I do like Aaron Sorkin’s shows, even if I probably shouldn’t like Aaron Sorkin as a person. Over the weekend (sick as a dog), I started watching Newsroom. Although it can be a tad preachy, it has some amazing points about what tv news is, isn’t and should and should not be as well as covering a period of time that I find to be defining for our country.
” I speak for myself. I was an accomplice to a slow and repeated and unacknowledged and unamended train wreck of failures that have brought us to now. I’m a leader in an industry that miscalled election results, hyped up terror scares, ginned up controversy, and failed to report on tectonic shifts in our country. From the collapse of the financial system to the truths about how strong we are to the dangers we actually face. I’m a leader in an industry that misdirected your attention with the dexterity of Harry Houdini while sending hundreds of thousands of our bravest young men and women off to war without due diligence. The reason we failed isn’t a mystery. We took a dive for the ratings. </sic>
Congress would allow the fledgling networks free use of taxpayer-owned airwaves in exchange for one public service. That public service would be one hour of air time set aside every night for informational broadcasting, or what we now call the evening news. Congress, unable to anticipate the enormous capacity television would have to deliver consumers to advertisers, failed to include in its deal the one requirement that would have changed our national discourse immeasurably for the better. Congress forgot to add that under no circumstances could there be paid advertising during informational broadcasting. They forgot to say that taxpayers will give you the airwaves for free and for 23 hours a day you should make a profit, but for one hour a night you work for us. And now those network newscasts, anchored through history by honest-to-God newsmen with names like Murrow and Reasoner and Huntley and Brinkley and Buckley and Cronkite and Rather and Russert – Now they have to compete with the likes of me. A cable anchor who’s in the exact same business as the producers of Jersey Shore. “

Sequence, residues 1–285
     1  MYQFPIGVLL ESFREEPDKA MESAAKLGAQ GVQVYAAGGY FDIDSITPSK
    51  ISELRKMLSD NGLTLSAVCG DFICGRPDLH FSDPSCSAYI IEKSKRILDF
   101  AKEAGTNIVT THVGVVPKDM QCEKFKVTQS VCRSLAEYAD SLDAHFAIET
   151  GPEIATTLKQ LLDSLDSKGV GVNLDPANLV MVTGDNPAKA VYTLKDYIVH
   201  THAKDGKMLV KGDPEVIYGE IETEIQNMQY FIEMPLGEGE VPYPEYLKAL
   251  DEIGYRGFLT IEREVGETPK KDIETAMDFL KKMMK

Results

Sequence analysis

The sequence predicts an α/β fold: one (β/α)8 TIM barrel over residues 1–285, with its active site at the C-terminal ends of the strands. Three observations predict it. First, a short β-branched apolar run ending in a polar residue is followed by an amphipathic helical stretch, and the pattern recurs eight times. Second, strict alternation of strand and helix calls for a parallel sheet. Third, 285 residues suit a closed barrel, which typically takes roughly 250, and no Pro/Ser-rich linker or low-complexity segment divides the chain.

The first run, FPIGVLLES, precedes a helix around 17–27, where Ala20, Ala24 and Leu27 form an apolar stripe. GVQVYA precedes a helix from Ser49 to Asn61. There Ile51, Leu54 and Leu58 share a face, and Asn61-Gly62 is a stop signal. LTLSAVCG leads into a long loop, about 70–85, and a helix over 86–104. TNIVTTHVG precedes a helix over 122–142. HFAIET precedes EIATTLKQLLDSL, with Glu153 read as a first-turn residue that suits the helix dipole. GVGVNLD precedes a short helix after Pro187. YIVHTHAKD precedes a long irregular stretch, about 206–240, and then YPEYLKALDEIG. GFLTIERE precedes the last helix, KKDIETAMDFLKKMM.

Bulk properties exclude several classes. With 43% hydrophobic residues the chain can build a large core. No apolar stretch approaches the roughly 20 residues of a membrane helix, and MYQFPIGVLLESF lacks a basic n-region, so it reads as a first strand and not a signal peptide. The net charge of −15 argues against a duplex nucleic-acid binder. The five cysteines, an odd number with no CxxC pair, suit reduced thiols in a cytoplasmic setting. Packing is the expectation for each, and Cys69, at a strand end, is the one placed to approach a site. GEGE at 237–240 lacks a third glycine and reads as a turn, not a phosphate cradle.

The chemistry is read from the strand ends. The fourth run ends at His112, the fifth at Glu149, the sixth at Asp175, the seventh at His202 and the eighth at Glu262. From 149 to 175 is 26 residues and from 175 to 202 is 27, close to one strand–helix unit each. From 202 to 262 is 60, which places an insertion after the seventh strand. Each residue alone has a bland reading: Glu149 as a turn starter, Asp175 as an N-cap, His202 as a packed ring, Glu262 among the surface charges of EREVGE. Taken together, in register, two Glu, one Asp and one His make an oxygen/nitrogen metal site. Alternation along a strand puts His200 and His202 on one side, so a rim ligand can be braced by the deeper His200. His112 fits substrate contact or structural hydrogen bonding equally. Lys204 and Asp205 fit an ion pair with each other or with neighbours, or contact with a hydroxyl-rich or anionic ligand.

I love that he included Tim Russert in that list, as to me, Tim was one of the last great journalists this country has seen. With the death of Gwen Ifill, they no longer exist. So even though it’s a bit preachy and tends to hit things over the head with a sledgehammer, it also makes a lot of points that, in my opinion, should be made.
The other thing I’m watching (again) is Legion. Aside from really enjoying this underrated show, I’m catching a lot more on the second watch than on the first. It’s incredibly involved and I do not recommend two screening while watching, but it’s also riveting, so you won’t miss your phone while it’s on.
So…what good stuff are you watching that you didn’t see the first time around?